Lee Richardson

Carnegie Mellon University

Quicksort is arguably the fastest, most widely used algorithm for sorting an array of numbers. The performance of quicksort is typically measured by the number of comparisons, and it's well known that the average number of comparisons is O(n ln(n)). From a statistical perspective, an interesting aspect of quicksort is that it's a random algorithm. In particular, the number of comparisons depends on the initial permutation of the array. In this talk, I'll discuss an exact solution for the probability distribution, given by Eddy and Schervish. The downside of the exact solution is that it takes O(n^6) time to compute, and we'll discuss an approach for reducing this to O(n^5). Given the performance of the exact calculation, an asymptotic approximation of the distribution will be useful for large n. We discuss the form of the asymptotic distribution, and some for approximating its density. However, the exact distribution is still unknown. This is work in progress, and I'm very interested in ideas and feedback on different approaches.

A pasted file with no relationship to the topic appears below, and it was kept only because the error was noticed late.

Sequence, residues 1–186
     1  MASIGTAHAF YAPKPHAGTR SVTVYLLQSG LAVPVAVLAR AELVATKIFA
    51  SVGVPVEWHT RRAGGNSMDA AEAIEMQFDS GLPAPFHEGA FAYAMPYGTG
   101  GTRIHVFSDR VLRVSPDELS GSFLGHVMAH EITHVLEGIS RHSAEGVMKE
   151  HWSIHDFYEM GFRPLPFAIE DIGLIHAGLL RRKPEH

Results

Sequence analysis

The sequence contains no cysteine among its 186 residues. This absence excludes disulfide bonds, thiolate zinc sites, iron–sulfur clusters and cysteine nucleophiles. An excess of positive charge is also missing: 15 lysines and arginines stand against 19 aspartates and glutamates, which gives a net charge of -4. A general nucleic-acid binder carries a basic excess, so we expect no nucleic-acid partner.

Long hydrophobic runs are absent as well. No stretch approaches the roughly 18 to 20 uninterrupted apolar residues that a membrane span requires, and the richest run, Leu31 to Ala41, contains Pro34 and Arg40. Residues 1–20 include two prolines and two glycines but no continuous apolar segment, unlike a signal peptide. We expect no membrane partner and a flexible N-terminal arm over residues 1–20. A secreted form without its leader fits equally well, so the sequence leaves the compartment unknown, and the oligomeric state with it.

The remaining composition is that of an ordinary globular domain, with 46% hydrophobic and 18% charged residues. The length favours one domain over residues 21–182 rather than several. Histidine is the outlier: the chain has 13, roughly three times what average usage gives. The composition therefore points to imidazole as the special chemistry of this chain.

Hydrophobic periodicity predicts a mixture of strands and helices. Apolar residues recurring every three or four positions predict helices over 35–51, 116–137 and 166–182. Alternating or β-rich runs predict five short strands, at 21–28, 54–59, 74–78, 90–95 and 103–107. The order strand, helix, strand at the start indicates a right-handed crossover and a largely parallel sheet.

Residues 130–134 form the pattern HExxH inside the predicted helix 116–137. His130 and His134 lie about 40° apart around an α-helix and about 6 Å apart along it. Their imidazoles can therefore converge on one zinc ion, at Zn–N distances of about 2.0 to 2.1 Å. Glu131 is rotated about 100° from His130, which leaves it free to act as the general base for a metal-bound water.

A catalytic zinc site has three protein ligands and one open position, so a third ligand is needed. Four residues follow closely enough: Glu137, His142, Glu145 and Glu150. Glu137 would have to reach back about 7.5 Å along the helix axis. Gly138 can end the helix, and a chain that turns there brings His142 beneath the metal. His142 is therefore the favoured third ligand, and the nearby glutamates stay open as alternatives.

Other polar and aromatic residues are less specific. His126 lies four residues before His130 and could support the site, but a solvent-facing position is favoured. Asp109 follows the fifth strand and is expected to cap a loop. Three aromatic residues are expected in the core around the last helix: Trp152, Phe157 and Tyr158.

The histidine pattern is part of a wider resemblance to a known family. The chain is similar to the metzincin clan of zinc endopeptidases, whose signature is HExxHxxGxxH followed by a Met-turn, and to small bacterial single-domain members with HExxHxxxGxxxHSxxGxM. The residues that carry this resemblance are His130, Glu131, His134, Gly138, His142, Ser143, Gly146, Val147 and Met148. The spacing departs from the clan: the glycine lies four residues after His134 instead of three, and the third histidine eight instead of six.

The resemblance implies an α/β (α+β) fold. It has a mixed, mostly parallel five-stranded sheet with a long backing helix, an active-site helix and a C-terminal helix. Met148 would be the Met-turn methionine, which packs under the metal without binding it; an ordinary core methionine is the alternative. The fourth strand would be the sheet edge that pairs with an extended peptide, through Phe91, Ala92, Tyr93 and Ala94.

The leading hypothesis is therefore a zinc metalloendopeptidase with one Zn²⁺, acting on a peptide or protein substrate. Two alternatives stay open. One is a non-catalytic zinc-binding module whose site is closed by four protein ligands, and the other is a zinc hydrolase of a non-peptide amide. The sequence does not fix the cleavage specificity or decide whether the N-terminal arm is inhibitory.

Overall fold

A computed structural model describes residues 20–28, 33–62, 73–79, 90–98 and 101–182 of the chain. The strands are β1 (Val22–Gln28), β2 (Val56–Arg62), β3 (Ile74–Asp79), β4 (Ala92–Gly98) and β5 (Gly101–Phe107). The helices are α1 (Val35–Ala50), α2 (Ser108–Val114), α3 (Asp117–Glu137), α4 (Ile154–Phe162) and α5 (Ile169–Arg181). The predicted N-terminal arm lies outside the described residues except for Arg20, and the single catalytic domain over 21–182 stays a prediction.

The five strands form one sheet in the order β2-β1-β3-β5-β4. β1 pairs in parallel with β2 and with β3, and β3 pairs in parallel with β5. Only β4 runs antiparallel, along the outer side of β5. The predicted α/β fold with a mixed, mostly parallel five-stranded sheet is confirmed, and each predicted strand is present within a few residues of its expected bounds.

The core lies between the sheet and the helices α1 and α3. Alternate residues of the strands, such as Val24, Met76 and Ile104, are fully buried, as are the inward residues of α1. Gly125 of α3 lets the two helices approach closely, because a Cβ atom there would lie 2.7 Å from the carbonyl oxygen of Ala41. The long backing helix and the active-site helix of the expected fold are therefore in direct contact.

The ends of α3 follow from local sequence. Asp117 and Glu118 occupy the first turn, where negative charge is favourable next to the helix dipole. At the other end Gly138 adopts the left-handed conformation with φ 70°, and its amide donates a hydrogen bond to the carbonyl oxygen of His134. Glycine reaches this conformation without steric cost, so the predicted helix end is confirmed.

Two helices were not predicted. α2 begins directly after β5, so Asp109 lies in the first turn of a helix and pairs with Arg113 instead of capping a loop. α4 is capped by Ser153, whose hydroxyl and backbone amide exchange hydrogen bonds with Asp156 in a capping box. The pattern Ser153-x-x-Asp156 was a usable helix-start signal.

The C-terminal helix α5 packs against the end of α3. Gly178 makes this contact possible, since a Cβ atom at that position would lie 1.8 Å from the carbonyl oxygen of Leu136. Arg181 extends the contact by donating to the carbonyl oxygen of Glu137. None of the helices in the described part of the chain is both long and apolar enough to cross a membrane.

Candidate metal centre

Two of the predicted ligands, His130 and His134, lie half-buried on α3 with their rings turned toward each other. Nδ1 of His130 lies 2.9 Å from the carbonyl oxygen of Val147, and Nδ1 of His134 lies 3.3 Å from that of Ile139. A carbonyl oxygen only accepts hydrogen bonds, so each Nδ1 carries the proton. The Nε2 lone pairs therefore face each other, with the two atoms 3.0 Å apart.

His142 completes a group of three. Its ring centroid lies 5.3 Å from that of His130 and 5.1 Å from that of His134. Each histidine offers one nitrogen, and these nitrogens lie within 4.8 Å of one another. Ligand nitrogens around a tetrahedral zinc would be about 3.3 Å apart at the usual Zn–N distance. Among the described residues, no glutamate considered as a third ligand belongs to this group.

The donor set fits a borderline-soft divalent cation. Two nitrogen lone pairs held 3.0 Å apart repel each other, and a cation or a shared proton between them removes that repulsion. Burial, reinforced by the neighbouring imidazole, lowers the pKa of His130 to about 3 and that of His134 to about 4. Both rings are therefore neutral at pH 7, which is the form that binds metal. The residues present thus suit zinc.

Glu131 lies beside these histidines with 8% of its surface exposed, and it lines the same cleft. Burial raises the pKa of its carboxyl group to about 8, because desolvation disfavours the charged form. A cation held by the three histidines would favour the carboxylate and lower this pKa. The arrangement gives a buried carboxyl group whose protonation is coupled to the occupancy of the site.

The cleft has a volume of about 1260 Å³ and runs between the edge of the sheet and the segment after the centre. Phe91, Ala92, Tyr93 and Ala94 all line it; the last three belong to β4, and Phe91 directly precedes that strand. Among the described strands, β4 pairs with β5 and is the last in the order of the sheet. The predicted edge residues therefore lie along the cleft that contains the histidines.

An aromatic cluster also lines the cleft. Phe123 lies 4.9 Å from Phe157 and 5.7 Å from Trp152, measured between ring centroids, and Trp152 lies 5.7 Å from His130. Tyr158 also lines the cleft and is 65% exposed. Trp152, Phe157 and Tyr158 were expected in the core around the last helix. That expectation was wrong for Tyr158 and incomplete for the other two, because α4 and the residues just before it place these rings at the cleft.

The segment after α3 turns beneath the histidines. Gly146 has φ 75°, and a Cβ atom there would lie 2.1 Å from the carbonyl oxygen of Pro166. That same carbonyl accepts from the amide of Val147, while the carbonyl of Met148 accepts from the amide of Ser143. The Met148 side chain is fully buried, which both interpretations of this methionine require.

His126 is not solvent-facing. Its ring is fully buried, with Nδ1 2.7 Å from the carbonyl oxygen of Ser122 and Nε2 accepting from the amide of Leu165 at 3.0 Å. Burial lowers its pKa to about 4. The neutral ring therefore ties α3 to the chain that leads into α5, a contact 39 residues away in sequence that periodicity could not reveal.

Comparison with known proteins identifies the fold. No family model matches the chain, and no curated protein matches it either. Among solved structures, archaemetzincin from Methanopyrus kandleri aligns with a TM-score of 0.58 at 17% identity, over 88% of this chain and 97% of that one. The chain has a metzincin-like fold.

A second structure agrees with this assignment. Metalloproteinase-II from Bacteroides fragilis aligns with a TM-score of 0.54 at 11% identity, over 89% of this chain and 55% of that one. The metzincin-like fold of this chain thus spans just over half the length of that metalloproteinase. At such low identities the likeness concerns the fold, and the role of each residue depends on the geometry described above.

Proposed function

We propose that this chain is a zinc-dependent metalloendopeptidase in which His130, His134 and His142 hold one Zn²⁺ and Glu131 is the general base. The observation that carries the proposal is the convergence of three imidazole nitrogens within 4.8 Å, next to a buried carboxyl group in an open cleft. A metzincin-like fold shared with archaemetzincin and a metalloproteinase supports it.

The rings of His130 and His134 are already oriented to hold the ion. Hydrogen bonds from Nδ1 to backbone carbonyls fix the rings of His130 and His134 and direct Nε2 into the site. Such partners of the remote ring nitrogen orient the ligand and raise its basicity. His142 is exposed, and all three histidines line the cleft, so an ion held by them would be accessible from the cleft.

Thursday, June 23, 2016

12:00 pm - 1:00 pm

Mesa Lab, Chapman Room

(Bring your lunch)